Toby Litt was born in 1968, brought up in Ampthill (Bedfordshire, England), selected as one of Granta’s 20 Best of Young British Novelists in 2003 and has so far published 8 books, the latest of which is Hospital:
I was eight years-old, a Cub Scout in the Ampthill Pack. 1977 was mainly the preparations for the Queen’s Silver Jubilee. There were lots of preparations. I think a float in a parade might have featured. The crossroads and the streets leading away from the market place were decorated with zigzag strings of red, white and blue pennants. I have a visual image of a float turning off Church Street and up Woburn Street, but this is a lie. My parents took me and my sisters away on holiday for the Jubilee itself, and so I missed whatever it was we Cub Scouts had been preparing for. The presenters on Blue Peter had been telling me repeatedly to be excited, so I was excited. And disappointed to miss my chance at standing on the back of a float waving at people waving back.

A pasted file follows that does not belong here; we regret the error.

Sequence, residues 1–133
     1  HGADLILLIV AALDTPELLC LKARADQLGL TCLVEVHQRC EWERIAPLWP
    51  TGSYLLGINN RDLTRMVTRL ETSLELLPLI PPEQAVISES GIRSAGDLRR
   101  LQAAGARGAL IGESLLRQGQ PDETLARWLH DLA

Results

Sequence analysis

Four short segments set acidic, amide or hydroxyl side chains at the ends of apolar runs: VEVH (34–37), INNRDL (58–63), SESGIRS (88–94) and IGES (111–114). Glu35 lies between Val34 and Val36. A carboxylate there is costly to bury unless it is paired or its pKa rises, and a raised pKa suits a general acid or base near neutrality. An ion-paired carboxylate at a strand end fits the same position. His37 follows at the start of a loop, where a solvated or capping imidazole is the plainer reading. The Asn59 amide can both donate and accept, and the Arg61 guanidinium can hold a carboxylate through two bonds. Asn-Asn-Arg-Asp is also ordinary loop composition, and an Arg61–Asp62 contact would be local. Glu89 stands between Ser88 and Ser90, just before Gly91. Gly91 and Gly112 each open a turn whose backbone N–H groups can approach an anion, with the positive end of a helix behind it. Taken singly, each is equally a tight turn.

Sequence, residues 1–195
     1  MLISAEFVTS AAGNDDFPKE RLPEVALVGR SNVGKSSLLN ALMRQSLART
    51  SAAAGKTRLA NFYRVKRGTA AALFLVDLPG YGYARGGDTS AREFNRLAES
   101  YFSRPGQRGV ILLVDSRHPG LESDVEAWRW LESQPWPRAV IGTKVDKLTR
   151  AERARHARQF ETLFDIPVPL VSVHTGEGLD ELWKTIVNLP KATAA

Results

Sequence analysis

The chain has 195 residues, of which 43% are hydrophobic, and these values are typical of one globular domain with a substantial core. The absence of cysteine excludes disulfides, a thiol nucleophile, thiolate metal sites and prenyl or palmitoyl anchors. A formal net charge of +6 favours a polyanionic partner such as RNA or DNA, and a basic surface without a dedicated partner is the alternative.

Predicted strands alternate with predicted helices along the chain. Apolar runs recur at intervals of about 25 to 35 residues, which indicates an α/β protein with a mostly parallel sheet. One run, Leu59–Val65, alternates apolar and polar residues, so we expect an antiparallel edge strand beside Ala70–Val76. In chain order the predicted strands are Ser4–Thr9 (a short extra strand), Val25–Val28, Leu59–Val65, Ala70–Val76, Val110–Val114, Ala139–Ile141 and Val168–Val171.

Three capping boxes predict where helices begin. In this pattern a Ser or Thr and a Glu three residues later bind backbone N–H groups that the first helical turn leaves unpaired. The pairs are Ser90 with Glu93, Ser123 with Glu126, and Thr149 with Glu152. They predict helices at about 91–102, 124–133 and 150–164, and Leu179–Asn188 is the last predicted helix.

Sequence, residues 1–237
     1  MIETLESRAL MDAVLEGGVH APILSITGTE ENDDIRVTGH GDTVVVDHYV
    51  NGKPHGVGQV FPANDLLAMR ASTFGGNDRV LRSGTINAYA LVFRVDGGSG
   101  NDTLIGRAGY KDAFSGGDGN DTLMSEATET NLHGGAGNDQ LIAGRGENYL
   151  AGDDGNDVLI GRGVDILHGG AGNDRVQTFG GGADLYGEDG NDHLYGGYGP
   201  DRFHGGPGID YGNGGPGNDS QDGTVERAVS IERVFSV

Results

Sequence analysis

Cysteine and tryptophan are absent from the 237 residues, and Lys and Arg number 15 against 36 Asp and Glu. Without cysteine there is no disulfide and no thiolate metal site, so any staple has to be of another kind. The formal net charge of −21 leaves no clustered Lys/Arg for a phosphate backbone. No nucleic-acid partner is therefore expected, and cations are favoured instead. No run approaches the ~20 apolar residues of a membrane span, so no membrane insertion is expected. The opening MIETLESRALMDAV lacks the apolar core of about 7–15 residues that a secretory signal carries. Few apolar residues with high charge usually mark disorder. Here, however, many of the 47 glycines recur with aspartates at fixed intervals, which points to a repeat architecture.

I was entirely subsumed in Middle English patriotism, and totally unaware of punk — apart from one thing. Some local oik had spraypainted the words ‘Sex Pistols’ on yellowish bricks at the back of the Alameda Sports Hall. The Alameda is a long avenue of lime trees, based on a Spanish ‘almeda’. It is probably the nicest, most unusual thing about Ampthill. At the end of the Alameda is the War Memorial. I was always disappointed not to find my family name there.
Aged eight, I had no idea what ‘Sex Pistols’ might be. But I did know that sex was something lots of people found exciting, and that pistols were old-fashioned guns, which I found exciting — because they could kill people. So the combination of those two things was profoundly erotic.
I remember 1977 being hot, though not as hot as 1976, as me and my friends played cricket on Alameda School’s wicket, with the words ‘Sex Pistols’ the only words in sight.
First posted: Thursday, July 5th, 2007.